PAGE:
“Dittmar went down first; he was the only one of us who knew how to swim; so he walked before us to show us the depth. The water was about up to our chests, and he, who preceded us, was up to his shoulders, when he warned us not to go farther, because he was ceasing to feel the bottom. He immediately 佛山桑拿哪家好 gave up his footing and began to swim, but scarcely had he made ten strokes when, 佛山夜生活qq群 having reached the place where the river separates into two branches, he uttered a cry, and as he was trying to get a foothold, disappeared. We ran at once to the bank, hoping to be able to help him more easily; but we had neither poles nor ropes within reach, and, as I have told you, neither of us could swim. Then we called for help with all our might. At that moment Dittmar reappeared, and by an unheard-of effort seized the end of a willow branch that was hanging over the water; but the branch was not strong enough to resist, and our friend sank again, as though he had been struck by apoplexy. Can you imagine the state in which we were, we his friends, bending over the river, our fixed and haggard eyes trying to pierce its 南海黄岐桑拿 depth? My God, my God! how was it we did not go mad?
“A great crowd, however, had run at our cries. For two hours they sought far him with boats and drag-hooks; and at last they succeeded in drawing his body from the 佛山夜网狼女 gulf. Yesterday we bore it solemnly to the field of rest.
“Thus with the end of this spring has begun the serious summer of my life. I greeted it in a grave and melancholy mood, and you behold me now, if not consoled, at least strengthened by religion, which, thanks to the merits of Christ, gives me the assurance of meeting my friend in heaven, from the heights of which he will inspire me 广州佛山桑拿按摩全套 with strength to support the trials of this life; and now I do not desire anything more except to know you free from all anxiety in regard to me.”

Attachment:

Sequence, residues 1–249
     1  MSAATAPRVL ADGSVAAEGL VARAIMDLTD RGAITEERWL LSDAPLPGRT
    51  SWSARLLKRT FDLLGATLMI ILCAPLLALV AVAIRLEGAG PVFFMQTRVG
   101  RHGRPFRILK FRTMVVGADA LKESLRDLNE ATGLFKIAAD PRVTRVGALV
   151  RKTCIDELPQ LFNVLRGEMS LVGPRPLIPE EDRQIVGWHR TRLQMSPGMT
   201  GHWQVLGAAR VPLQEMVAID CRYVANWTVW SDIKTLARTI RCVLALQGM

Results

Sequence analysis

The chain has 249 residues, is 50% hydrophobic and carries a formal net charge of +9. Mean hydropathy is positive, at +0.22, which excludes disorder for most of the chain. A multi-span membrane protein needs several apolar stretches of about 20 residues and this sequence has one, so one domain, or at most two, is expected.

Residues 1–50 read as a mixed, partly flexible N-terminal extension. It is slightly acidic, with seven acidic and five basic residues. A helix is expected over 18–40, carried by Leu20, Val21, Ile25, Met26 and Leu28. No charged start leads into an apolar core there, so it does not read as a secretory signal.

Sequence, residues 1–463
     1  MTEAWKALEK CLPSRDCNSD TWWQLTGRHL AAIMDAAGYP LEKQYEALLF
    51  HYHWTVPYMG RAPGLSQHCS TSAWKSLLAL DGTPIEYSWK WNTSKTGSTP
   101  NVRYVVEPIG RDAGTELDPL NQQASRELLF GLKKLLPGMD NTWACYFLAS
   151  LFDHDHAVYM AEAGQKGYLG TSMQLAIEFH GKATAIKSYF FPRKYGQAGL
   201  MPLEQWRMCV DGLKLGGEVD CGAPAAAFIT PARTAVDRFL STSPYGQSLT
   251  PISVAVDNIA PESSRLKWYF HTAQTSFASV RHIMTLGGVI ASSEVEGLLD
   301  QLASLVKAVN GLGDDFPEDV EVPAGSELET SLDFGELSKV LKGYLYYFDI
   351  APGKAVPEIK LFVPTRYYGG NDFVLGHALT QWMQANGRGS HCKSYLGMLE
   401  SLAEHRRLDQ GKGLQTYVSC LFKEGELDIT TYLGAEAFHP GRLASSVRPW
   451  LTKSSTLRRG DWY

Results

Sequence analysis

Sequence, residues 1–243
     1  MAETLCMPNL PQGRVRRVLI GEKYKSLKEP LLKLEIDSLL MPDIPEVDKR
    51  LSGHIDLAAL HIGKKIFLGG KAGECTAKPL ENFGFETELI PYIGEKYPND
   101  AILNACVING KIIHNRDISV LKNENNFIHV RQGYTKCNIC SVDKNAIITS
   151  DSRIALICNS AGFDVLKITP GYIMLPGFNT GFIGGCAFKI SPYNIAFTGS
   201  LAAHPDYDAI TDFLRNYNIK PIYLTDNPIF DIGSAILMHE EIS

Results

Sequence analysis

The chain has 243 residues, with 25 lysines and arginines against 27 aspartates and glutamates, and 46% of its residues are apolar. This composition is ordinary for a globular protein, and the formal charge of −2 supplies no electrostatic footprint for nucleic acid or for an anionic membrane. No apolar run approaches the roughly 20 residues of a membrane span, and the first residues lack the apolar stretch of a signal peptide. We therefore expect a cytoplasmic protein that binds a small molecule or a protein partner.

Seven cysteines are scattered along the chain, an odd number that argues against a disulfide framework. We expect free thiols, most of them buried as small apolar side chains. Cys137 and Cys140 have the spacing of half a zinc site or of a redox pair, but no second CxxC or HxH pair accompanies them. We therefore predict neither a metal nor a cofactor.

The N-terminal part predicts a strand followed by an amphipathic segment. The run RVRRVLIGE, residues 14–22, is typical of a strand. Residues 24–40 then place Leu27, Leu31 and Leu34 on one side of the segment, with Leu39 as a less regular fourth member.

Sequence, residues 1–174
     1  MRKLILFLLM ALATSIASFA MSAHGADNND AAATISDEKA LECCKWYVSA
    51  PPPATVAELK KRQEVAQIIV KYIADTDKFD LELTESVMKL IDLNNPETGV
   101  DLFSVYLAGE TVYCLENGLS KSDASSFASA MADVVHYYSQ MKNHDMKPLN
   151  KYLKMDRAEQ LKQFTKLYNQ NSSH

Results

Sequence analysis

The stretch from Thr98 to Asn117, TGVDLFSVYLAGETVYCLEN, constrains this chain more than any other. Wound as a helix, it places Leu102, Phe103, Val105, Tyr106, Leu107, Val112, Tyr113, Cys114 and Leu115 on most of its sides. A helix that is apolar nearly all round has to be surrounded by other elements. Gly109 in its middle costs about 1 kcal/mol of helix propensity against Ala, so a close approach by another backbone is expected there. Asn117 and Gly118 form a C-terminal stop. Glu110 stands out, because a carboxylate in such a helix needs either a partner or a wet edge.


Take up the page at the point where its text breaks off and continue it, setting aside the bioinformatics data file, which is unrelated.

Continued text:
Instead of serving to unite the two groups of students in a common grief, this accident, on the contrary, did but intensify their hatred of each other. Among the first persons who ran up at the cries of Sand and his companion was a member of the Landmannschaft who could swim, but instead of going to Dittmar’s assistance he exclaimed, “It seems that we shall get rid of one of these dogs of Burschen; thank God!” Notwithstanding this manifestation of hatred, which, indeed, might be that of an individual and not of the whole body, the Burschen invited their enemies to be present at Dittmar’s funeral. A brutal refusal, and a threat to disturb the ceremony by insults to the corpse, formed their sole reply. The Burschen then warned the authorities, who took suitable measures, and all Dittmar’s friends followed his coffin sword in hand. Beholding this calm but resolute demonstration, the Landmannschaft did not dare to carry out their threat, and contented themselves with insulting the procession by laughs and songs.
Sand wrote in his journal:
“Dittmar is a great loss to all of us, and particularly to me; he gave me the overflow of his strength and life; he stopped, as it were, with an embankment, the part of my character that is irresolute and undecided. From him it is that I have learned not to dread the approaching storm, and to know how to fight and die.”
Some days after the funeral Sand had a quarrel about Dittmar with one of his former friends, who had passed over from the Burschen to the Landmannschaft, and who had made himself conspicuous at the time of the funeral by his indecent hilarity. It was decided that they should fight the next day, and on the same day Sand wrote in his journal.
“To-morrow I am to fight with P. G.; yet Thou knowest, O my God, what great friends we formerly were, except for a certain mistrust with which his coldness always inspired me; but on this occasion his odious conduct has caused me to descend from the tenderest pity to the profoundest hatred.